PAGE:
With 8741 ft., Mount Irish is the tallest peak in the Pahranagat Range, overlooking most of Tikaboo Valley and the northern Nellis Ranges. This makes it a prime location for a radio repeater facility. And sure enough, there is quite a selection of radio antennas and microwave dishes along with several small buildings and trailers on the plateau on top. The slopes of Mt. Irish are very steep, and there is no road access to the top. Just like Bald Mountain, the fully automated and unmanned facility is serviced by helicopter. Unlike Bald Mountain, however, the top of Mount Irish is on public land. So, after studying various topo maps and satellite images to find the easiest way up, Gregos and I set out to explore the site on June 6, 2008. The easiest way up is still about two Tikaboos in terms of difficulty, and even with light packs the hike up took us a good 3 hours.
The electronics for the radio site are housed in four small buildings and storage containers. The cables from the antenna tower all lead into the largest of the buildings. The site is powered by two large solar panels. There are also a number of propane bottles next to one of the buildings. Possibly for a backup generator or for heating the buildings in winter. There is a level area just east of the buildings where a helicopter can land.
The view from the top of Mount Irish is spectacular. However, it does not have a view of Area 51. The only visible part of the Groom Lake Base is the explosives storage area and the engine test cells at the far south end of the base and the south end of the runway. The Groom Mountain Range obstructs the view of the main facility.
At one point Mt. Irish was a central hub for the original ACMI Range system used for the Red Flag exercises, which provides controllers at Nellis and in the AWACS planes with exact 3-D position data on all airborne players. The old ACMI sites on Flat Top and on Badger Mountain were pointed to Mount Irish.
The original ACMI system has since been replaced with a newer system, with a central hub located on Highland Peak, near Pioche. But the Mount Irish facility still serves as one of 15 transceiver stations that are located around the ranges. A couple of microwave dishes, similar to the new dishes on Badger Mountain, are pointed to Highland Peak, and an omni-directional antenna provides the aircraft uplink. The new system operates on two frequencies in the 1.8 GHz range.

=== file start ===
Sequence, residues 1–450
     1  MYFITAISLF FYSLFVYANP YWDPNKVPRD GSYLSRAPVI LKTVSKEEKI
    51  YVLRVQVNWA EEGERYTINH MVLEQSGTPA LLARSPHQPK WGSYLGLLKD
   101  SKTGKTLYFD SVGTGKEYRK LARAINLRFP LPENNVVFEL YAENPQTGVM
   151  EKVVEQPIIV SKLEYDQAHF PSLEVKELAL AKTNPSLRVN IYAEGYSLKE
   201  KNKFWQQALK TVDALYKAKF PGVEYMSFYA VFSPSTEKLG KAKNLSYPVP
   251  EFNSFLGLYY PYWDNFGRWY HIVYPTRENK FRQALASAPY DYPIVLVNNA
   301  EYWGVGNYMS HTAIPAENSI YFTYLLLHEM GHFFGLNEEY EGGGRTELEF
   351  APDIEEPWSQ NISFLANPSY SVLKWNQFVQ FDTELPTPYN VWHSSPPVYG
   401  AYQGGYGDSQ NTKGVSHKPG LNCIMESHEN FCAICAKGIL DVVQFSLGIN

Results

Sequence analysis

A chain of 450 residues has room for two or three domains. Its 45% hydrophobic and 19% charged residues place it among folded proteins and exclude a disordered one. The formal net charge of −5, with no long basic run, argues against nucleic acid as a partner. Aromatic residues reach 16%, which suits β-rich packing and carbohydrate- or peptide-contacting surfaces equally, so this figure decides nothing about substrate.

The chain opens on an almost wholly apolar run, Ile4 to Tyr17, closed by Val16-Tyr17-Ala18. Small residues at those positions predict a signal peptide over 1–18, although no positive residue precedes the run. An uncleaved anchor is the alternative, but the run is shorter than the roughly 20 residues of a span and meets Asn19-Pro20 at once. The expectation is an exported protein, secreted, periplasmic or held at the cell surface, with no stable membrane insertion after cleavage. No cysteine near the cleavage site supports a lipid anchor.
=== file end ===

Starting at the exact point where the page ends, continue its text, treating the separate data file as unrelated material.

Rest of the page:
Contrary to common misconceptions, the large dish is NOT used for the Rachel phone system. It is also NOT linked to Bald Mountain. Instead, it is a microwave relay to Cedar Peak, connected to the various facilities within the NTTR, in particular TECR and TPECR. The microwave relay operates in the 7GHz range. The relay is likely linked to the ACMI system above. It also appears that there may be a linkup for IP-based mobile data terminals on the ground or in the air. We found a couple of antennas that may provide WiFi access.
The relay for the Rachel phone system is a passive reflector north of the peak. It bounces the signal from the Rachel transmitter on the north side of Tempiute Mountain to the phone company building in Alamo. It is listed in the FCC database as a passive repeater. And we found no evidence for any direct connection to Bald Mountain or to Area 51.
Other radio installations on Mount Irish include a repeater for the Lincoln County Sheriff (input: 154.070 and 155.535 MHz, output: 154.860 and 155.205 MHz) and a site of the NV Shared Trunking system. The output frequencies are 856.4625, 857.4625, 858.4625 and 859.4625 MHz, in that LCN order. There is also a smaller directional antenna that looks like 900 MHz, pointed north. We were not able to determine what that antenna is used for. And, another, much smaller site is located on a plateau about 0.8 miles north-east of Mount Irish. We currently have no information on that site.
The GPS coordinates of the top of Mount Irish are N37°38'41.0" / W115°24'5.4". There are at least four survey markers at the top. Three markers from the U.S. Coast & Geodetic Survey date back to 1944. The fourth marker of the Defense Mapping Agency is from 1985 (see photo below). This marker is similar to a marker found on Badger Mountain. It seems likely that 1985 is the year the original ACMI system was installed.